Before any movie, animation, documentary, music video, commercial, etc. is shot, a scriptwriter has to write the script and hand it over to the producer, production manager, and director.

Once the script has been approved, a storyboard artist is brought on board to start visualizing the written script.

The storyboard artist is usually a good illustrator who has great knowledge about camera movements, angles, screen formats, composition, and visual storytelling.


- The storyboard artist reads the script.
- They then proceed to illustrate the entire script shot by shot.
- The storyboards can be simple pencil sketches or inked line art or digital colored illustrations.

The storyboard needs to capture: 
  - Action 
  - Facial expressions and character dynamic poses
  - Dynamic landscape shots
   - Set layouts

Computer programs can be used to create storyboards too. Knowledge in drawing is needed to create artworks using the software. Examples of these software programs include:

(i) Storyboarder
(ii)  Photoshop
(iii) Plot
(iii) Studiobinder
(iv) Boards
(v) Toon booms storyboard pro

Some storyboards are elevated to the next level by being turned into animatic or pre-viz (We will talk about this in another blog post).


 - They are used as a visual guide to help with shoot planning and logistics.

 - The storyboard acts as a primitive camera work for the director to have a look at how the story unfolds, how shots can be framed and be improved upon.

- During shooting, the storyboard can be used as reference material by everyone onset and the visual effects departments.

- Storyboards can be used as a pitch document to be presented to potential investors.

- (The movie Shoot em up got greenlit (funded) by New Line Cinema executives after director Michael Davis presented an impressive storyboard even without reading the script)


  • - Be a good all-rounded artist who can draw anything with the least reference materials.
  • - Know-how in dynamic poses, camera angles and movements are an added advantage.
  • - Have some knowledge of computer-aided art programs e.g. Photoshop, Storyboarder, etc.
  • To be an even better artist, learn 3D software e.g., 3DS Max, etc., and video editing software e.g., Adobe After Effects. (psst! This is where animatics come into play).
  • Be flexible to work extra-long hours if you are slow at drawing.
  • Observe your surroundings and nature. These are the things you will mostly draw.
  • Research on every subject presented in the script e.g., if you are tasked with military-based script research on uniforms, weapons, military bases, and vehicles, etc.


  • Many film productions have not embraced the power of storyboarding. The only industry that seems to utilize this service is the Advertisement agencies. The pre-production part of concept art and storyboarding is a largely neglected step in most film making processes in Kenya.
  • The storyboarding industry is a pretty new venture, and there is a lot of potential in this sector. There are very few well-rounded storyboard artists who can be trusted with delivering quality work and on time (which is usually a tight deadline). If this industry is exploited well, it will be a killing of two birds with one stone scenario. More artists will get jobs, and the filmmakers who want to pitch their ideas to investors will find it easy to showcase how their film will look like and the level of logistics involved.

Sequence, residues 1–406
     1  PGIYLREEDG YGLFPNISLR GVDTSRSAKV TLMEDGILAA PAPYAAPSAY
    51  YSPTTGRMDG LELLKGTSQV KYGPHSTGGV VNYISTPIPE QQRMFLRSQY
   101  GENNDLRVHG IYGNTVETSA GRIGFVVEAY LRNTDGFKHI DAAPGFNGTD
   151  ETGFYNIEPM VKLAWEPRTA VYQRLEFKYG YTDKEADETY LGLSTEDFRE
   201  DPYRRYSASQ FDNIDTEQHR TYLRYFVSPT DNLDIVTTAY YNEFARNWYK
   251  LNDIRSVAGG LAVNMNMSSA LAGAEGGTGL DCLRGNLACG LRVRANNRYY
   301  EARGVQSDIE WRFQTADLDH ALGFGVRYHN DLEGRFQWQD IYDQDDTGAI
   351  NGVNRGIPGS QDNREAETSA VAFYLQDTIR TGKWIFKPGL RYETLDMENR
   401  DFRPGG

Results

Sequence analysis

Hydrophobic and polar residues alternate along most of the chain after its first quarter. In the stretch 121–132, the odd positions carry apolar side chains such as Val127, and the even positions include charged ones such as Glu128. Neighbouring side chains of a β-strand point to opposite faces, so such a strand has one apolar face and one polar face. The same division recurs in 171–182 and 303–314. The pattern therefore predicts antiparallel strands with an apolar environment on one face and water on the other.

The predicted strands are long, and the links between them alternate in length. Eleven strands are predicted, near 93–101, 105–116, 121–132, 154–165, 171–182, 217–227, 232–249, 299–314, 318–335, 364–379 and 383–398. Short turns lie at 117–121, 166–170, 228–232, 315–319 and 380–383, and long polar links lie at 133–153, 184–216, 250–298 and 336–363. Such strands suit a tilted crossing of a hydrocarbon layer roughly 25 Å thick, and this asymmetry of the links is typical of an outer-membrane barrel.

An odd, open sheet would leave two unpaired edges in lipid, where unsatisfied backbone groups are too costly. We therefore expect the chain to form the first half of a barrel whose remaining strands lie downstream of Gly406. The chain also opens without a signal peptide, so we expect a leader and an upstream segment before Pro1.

• There are many art institutes in Kenya that offer art courses. This can be a good starting point in getting knowledge on how to draw, composition, camera angles, etc. there are also many online resources for free on storyboarding e.g., many studios post their storyboards to some of their blockbuster movies e.g., Mad Max fury road etc. your rifle is your art. Your imagination is the bullet. Your hard work and determination are your rapid fire.
    madmax fury
  • Storyboard charges vary depending on the project budget. Some artists will charge par frame while sometimes when the project is too big, a one-off amount is agreed upon by the artist and client. For starters, straight out of school, Kshs. 500 per panel is a fair price. For the more seasoned artists who are quicker, better polished art work, understand camera work and showcase amazing creativity in terms of sequencing action and set layouts might charge Kshs. 3000 to kshs. 4000 per frame! Yes, that is money an artist can make and there are clients who are ready to pay for quality work.
  • Finding work can be hard in Kenya, especially if your name is not on high rotation within agency creative heads. But once your work is known, and you have a good reputation for delivering on time, you will drown in work. Other ways of getting your name out there is by use of social media sites like Facebook and Instagram. Post as many illustrations as possible on a regular basis. Post in art forums where creative heads flock, like Kenyan filmmakers or The art directors and copywriters club of Kenya etc.
  • A sure way of getting hired is to create a portfolio of some storyboards you have done, they can be a client's work or your own self-challenge projects. Then create a list of all the places you would like to work for. Find out who the creatives heads are in those companies, then shoot an email with your portfolio. Don’t say much, your work will speak for itself. You never know they might be having a pitch next week, and you are the person they’ve been looking for.


During the production of the movie, Coerced Revenge a storyboard artist was brought on board to visualize the script. Below are some script moments, how they were illustrated, shot on set, and how they appeared on the screen.

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  • image avatar
    Asuma Nelco Lamech
    2 years, 8 months ago

    Found it Really informative. Studied the same in my semester 1 in college.

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